Testing times

Optometrist Kevin Wallace shares tips with undergraduates at the AOP’s student conference on refining your sight test time

10 Jan 2017 by Emily McCormick, Laurence Derbyshire


Optometrist and AOP clinical advisor, Kevin Wallace, took to the stage at the AOP student conference last month (26–27 November) to share his tips on efficiently reducing the time it takes to perform a sight test.

The talk, entitled Two hours to 20 minutes, was designed to inform third-year optometry students on how to decrease their sight testing times “without cutting corners,” as they prepare for the pre-reg period. However, Mr Wallace also stressed that it was also not just about increasing speed, but also performing everything that optometrists need to do, both effectively and appropriately.

He highlighted that there are three things undergraduates need to do to improve their sight testing times and these included practise, efficiency and decision-making.

Explaining the importance of practising, Mr Wallace told students: “Repetition is key. You may do things on patients when they didn’t necessarily need a test, but this will allow you to practise your skills rather than doing the test in the most efficient way at first.”

Putting students at ease, he stressed: “A lot of these things are down to practise. You will not be as quick [at the sight test] in a couple of months’ time as you will be in nine months’ time. Just think about the order that you are doing things in and get it down to a nice, neat pattern.”

Focusing on decision-making, he explained: “Doing the test itself is not complicated…It’s about using the information and applying it to make a decision that is the right decision for the patient. That is the difficult bit which is hard to do quickly when you first start testing because you will not have seen enough funny optic nerves, for example, to really know what something means.”


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Comments (4)

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    Anonymous

    Thanks Trevor and Peter - as you (and the summary above) point out the point of this talk was not to normalise ultrafast tests but to give students practical tips on how to develop an efficient examination routine when they start to see patients in practice. The video here is only an edited version of the whole talk and my introduction was about using your clinical expertise to choose the appropriate tests to investigate the problems of a specific patient in a reasonable length of time. I pointed out that when I was asked to present on this topic that I had the thought that I was not the man for the job - but when I thought about it I could use my experience with the AOP Legal Team to help these students at this very early stage of performing routine tests on real patients and avoid some pitfalls that have got others into trouble. My intent was certainly not to normalise ultrafast testing and all the issues that go along with that.

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    Anonymous

    One of the problems is that sight tests all take different times, so the booked appointments have to be an average. We've all had the 15 year old 6/5 emmetrope in for a routine test, s/he's had colour vision, stereo etc check in that past and, after 15 minutes you are wondering what else you can do. And then the 85 year old that took you 45 minutes... Testing times also depend on how much support you have in the practice, and how good it is. If you do your own pressures, fields (when needed) and fundus photos, then the test will take longer than if these are all done efficiently and well by someone else for you. Ditto on whether you write your own referral letters or simply dictate and have someone else type them out. Some tests will over run. Some admin (referrals) may be required. Test times of 30 minutes probably build this into the times, test slots of 20 mins may need some time-out allowing for admin during, or at the end, of a session - see "Safe Practice: Eye testing" on the AOP website. Kevin's talk was aimed at helping students prepare for life in the world as it is. We may or may not wish to change some aspects over time, but that would be a different project.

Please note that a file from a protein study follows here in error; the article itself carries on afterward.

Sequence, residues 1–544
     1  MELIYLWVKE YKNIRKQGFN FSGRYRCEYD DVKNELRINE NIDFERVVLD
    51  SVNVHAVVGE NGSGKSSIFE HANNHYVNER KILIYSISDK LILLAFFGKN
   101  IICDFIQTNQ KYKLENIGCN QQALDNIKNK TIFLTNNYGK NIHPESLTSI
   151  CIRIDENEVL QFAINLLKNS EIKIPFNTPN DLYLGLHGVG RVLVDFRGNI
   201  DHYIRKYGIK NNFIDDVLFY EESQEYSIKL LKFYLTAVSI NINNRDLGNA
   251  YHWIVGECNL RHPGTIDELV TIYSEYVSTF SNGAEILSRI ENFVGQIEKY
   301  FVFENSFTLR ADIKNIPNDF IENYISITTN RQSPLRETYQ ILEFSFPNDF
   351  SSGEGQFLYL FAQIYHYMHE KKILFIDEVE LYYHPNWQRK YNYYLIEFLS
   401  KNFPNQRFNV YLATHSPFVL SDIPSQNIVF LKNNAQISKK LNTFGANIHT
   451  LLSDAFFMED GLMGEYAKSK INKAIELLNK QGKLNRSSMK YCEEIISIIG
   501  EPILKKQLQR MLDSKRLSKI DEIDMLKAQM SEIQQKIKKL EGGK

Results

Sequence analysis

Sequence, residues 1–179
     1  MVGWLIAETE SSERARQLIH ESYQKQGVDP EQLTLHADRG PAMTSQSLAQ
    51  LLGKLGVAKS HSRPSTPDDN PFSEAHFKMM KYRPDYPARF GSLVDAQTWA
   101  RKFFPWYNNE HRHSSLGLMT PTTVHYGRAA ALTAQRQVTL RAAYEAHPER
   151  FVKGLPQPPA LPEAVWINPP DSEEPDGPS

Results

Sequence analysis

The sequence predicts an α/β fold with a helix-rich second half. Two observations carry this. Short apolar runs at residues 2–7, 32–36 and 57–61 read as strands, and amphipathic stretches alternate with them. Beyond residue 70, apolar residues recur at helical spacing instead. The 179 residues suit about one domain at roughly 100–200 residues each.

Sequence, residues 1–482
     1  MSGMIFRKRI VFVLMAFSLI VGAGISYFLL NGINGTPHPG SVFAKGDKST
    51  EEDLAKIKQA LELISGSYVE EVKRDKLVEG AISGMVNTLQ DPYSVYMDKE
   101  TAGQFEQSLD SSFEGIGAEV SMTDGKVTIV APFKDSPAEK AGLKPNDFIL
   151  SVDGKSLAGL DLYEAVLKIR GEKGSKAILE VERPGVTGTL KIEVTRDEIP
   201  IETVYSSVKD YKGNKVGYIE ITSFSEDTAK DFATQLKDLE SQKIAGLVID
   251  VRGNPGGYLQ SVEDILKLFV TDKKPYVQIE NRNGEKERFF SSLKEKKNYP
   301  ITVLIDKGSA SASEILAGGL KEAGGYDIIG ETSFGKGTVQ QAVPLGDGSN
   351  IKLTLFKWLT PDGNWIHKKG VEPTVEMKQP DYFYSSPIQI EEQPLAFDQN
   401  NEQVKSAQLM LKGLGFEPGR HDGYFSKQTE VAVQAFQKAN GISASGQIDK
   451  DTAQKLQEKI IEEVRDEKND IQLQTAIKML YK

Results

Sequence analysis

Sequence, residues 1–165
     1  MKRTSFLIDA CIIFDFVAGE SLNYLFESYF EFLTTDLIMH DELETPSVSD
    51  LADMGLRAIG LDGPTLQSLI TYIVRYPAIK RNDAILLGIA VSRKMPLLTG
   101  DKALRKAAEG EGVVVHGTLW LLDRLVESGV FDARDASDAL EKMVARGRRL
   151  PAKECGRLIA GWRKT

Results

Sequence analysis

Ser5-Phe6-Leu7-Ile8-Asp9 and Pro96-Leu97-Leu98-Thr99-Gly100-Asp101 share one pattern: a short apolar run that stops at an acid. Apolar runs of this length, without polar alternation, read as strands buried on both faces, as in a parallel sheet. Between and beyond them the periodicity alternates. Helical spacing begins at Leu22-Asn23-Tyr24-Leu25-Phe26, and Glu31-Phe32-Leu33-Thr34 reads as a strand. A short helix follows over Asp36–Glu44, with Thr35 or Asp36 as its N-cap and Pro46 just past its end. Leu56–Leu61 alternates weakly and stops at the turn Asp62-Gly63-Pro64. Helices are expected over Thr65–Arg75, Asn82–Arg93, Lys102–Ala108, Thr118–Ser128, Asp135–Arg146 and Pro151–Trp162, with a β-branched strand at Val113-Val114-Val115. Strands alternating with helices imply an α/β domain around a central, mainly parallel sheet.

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    Anonymous

    Hi, I'm on the AOP Board and know Kevin Wallace the presenter of this video quite well. I don't think Kevin is encouraging or endorsing doing ultrafast sight tests, quite the opposite. The aim of this video is simply to help to build confidence for our student members. Students often think that doing a test in 30mins or quicker is impossible, but as we all know from our own experiences, as you get more practice you do also become quicker.

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    Anonymous

    I don't think it is remotely appropriate for the AOP to be encouraging and normalising 20 min tests. This is not healthy for patients or optometrists! The AOP should be fighting for sensible testing times not supporting students to achieve them. I appreciate that students need to speed up from 2 hours but 30 mins should be the minimum testing time to allow time to test and speak to a patient - explain the findings and answer their questions. I'm really shocked the AOP are running lectures like this.

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